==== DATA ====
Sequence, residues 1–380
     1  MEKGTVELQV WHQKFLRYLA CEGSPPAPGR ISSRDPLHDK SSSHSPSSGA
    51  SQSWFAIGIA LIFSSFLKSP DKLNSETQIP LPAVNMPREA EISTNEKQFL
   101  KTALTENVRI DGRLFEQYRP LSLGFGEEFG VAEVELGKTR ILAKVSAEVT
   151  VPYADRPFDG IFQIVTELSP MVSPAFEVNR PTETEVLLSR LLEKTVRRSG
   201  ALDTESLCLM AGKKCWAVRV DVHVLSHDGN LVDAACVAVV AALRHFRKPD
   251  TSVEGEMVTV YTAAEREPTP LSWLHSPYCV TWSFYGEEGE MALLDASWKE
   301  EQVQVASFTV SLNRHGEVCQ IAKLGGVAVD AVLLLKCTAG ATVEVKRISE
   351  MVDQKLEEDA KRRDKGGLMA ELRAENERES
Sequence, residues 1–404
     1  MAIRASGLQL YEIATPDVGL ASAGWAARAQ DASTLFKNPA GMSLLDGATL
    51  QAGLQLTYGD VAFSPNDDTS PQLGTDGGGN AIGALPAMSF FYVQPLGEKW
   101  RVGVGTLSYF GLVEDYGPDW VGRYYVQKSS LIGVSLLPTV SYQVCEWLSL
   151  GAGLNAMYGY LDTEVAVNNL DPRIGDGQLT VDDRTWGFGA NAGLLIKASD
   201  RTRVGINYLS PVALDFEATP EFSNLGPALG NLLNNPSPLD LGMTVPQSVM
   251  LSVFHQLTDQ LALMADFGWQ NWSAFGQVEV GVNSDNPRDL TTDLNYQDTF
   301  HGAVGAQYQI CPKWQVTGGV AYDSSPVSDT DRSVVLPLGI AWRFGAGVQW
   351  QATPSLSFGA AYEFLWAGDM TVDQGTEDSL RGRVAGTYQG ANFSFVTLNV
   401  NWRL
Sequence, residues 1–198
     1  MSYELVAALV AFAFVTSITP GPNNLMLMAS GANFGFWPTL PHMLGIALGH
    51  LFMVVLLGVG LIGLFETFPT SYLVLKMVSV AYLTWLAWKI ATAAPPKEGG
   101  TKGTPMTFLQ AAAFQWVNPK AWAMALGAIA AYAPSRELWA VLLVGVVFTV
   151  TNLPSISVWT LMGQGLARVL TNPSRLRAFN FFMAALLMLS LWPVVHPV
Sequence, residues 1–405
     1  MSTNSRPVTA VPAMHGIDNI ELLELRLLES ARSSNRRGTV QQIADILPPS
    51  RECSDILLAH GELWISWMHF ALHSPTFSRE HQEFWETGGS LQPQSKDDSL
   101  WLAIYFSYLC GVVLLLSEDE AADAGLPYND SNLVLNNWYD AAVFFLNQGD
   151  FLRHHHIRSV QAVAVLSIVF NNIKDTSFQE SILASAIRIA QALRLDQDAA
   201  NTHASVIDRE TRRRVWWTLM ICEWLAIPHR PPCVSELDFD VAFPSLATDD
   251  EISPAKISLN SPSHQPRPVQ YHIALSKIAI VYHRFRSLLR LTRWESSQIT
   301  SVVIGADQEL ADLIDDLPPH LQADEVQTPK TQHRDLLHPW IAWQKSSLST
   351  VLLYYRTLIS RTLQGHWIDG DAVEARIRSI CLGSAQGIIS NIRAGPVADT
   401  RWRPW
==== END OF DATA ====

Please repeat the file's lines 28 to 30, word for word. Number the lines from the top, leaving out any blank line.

   101  WLAIYFSYLC GVVLLLSEDE AADAGLPYND SNLVLNNWYD AAVFFLNQGD
   151  FLRHHHIRSV QAVAVLSIVF NNIKDTSFQE SILASAIRIA QALRLDQDAA
   201  NTHASVIDRE TRRRVWWTLM ICEWLAIPHR PPCVSELDFD VAFPSLATDD